Gulf Economies Growth Likely to Taper Off in 2013, Moody Says

Economic growth in the six-nation Gulf Cooperation Council is set to slow to about 3.5 percent this year from 5.7 percent in 2012, Moody’s Investors Service said in a report today.

High oil prices and expansionary fiscal policies will not provide as much of a boost to growth in the GCC, which includes the U.A.E, Kuwait, Qatar, Saudi Arabia, Bahrain and Oman and supplies about a quarter of the world’s crude oil, Moody’s said.

GCC governments are likely to continue recording large fiscal and current account surpluses, according to the report. GCC country ratings have been stable since the global financial crisis and during the Arab Spring, and any vulnerability to a fall in oil prices is offset by assets held by sovereign wealth funds, Moody’s said. Exceptions are Oman and Bahrain, it said.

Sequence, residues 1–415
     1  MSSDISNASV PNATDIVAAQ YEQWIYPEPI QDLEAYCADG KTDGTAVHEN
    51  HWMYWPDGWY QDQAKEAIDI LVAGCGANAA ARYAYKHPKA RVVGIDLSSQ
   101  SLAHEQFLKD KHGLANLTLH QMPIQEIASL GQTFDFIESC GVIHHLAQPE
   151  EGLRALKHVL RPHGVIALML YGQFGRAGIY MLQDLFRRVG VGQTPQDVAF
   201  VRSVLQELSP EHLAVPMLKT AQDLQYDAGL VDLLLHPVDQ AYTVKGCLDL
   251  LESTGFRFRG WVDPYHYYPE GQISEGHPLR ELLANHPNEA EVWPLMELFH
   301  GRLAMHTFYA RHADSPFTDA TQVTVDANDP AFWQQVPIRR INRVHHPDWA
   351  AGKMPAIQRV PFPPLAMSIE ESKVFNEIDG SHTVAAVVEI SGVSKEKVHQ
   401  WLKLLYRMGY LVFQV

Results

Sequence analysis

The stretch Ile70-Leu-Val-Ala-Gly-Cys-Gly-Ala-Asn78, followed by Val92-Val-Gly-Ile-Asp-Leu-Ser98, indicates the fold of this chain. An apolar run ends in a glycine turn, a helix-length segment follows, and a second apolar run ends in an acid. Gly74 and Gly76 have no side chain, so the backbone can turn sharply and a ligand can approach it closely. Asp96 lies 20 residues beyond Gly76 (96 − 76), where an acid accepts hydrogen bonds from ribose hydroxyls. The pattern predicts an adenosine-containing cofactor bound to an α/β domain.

The average economic growth rate among non-oil-importing countries in the Middle East and North Africa will be about 2.6 percent this year versus 2.2 percent in 2012, Moody’s said. Its baseline scenario assumes oil prices will average $112 a barrel in 2013.

In a Feb. 27 report, the Centre for Economics and Business Research Ltd. said it expected GCC growth to ease to 4.8 percent from 6 percent in 2012. That compares with a growth forecast of 3.9 percent for the entire Middle East this year, the London-based group said.

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